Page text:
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Never Have I Ever

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They have finished the job they were hired to do, have eaten, and are about to go upstairs to their room. They are both still tense. The job – confiscating the cattle of a farmer who was behind with his land taxes – had not needed violence, but it wasn’t pleasant, they need to unwind. A couple of saloon girls send professional smiles their way; Chris says a curt goodnight, Vin shakes his head with a friendly half-smile, then gets up, stops, ponders for a moment, smirks to himself and collects a bottle and two glasses from the barman.

In their room, while Chris is taking his gunbelt off, Vin uncaps the bottle, pours himself a drink, grins at Chris, challenging and warm, and says, “Never have I ever been a lawman.”

Chris frowns, then remembers the game and its rules and lets out a long-suffering sigh:never have I ever met someone so interested in getting me to talk about myself, one way or another. He stretches out a hand for the bottle, pours himself a drink, and admits, “I have. About ten years ago. Deputy sheriff in Boulder, Colorado. Wasn’t cut out for it, quit after three months.” Then he looks Vin over, holds on to the bottle, and slowly, deliberately says, “Never have I ever refused to give my name to someone who asked for it.”

Vin takes the bottle and looks down at it, a faint tinge of pink rising to his neck and jaw. “Well. Yeah. After all these years, I still keep thinkin of my folks back in Nebraska. Good Lutheran Swedish farmers, and I’m the black sheep.” He pours, drinks, says “Vincent Staberg,” and his voice rises and falls in a Swedish lilt, and for a moment he looks young, carefree, ready to take on the world. They laugh. Vin thinks briefly, chuckles, says, “Never have I ever been to New Orleans,” and cheerfully hands the bottle over.

Chris nods and drinks. “I’ll take you if you want to. We’ll keep away from what’s left of my family,” and as soon as the words are out he would like to take them all back, old memories are beginning to twist his guts, there’s so much of his past that he can’t share. Not with anyone. Not even with this man who has been riding beside him since they left the Mexican village last month, who has his back, who’s been slowly getting under his skin.

Damn fool game. All right, it’s still his turn, all he has to do is choose something easy and safe that Vin has never done, and then the game will be over and they’ll be able to get some sleep. “Never have I ever been married,” he says quickly.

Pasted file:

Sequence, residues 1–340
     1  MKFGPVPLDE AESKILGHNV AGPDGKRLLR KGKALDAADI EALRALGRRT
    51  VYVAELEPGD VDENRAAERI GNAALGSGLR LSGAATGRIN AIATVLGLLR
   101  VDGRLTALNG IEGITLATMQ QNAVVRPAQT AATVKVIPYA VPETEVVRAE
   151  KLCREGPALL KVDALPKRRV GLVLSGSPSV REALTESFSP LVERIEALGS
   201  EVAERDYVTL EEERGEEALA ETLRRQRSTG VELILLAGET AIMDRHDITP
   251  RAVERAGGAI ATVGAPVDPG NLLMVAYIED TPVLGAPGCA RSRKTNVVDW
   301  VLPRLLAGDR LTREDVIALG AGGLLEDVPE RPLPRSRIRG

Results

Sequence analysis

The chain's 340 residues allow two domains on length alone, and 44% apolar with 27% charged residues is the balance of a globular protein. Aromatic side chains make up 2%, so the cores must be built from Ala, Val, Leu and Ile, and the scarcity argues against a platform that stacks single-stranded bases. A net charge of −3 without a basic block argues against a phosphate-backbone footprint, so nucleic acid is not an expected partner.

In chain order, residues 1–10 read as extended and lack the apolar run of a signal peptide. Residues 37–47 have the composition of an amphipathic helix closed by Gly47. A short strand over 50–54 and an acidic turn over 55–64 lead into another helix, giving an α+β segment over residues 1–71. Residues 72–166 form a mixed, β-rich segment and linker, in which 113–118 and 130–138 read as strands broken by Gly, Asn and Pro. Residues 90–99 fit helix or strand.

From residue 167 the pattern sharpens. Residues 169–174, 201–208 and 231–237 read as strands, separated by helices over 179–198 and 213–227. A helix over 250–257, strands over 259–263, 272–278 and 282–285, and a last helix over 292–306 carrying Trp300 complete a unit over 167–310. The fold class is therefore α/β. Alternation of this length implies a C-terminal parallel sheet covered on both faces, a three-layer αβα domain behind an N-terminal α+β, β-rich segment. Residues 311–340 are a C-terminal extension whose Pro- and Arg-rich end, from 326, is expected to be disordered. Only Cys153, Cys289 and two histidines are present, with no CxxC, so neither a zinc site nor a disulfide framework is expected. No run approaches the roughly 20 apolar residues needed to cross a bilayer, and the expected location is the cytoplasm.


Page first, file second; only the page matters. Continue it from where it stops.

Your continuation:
Vin takes a deep breath and leaves the bottle in Chris’s hands, but then, instead of saying “Me neither” and ending the game, he squares his shoulders, swallows, looks straight at Chris and says, “Never have I ever … had feelin’s for another fella.” His eyes are wide, very blue, very serious as he adds, “Until now.”

Chris gazes at the bottle, breathing slowly and evenly, like he does just before reaching for his gun. Up to him to finish the damn game. He doesn’t have to play, he can just plonk the bottle down on the table, call it quits and go to sleep. That would do the job, get Vin to stop trespassing. Or get him to leave – so Chris could go back to being alone, self-sufficient.

Self-sufficient, and unwilling to acknowledge, even to himself, that sometimes he wants to be something other than that.

He closes his eyes, takes a breath, reopens his eyes and lifts the bottle to his lips, without saying a word.

Vin’s face begins to light up, it always does when he smiles, it’s quite a change. “And …?”

Chris remains silent. He stands up and takes one step towards the door.

Vin’s eyes narrow a little. He wipes his hands down his levis, just like he does before a gunfight. He stands up, grabs the bottle, drinks from it and says quickly, “Never have I ever kissed another fella.” Then he steps close to Chris, takes his head in both hands and kisses him, briefly, gently, almost chastely. He pulls back, gives Chris a swift interrogative look, and waits.

“Go on,” Chris says, voice cool, eyes fond, shivers beginning to run down his body.

Vin kisses him again, enthusiastically, moaning a little and pushing his body against Chris’s. Chris returns the kiss, hard and breathless; warmth and desire run through him, and some vague, unformed hope, and admiration for Vin’s courage, and – a new experience for someone who values self-sufficiency above all things – gratitude. He moves back a little, meets Vin’s eyes and says quietly, “Never have I ever been given exactly what I needed.”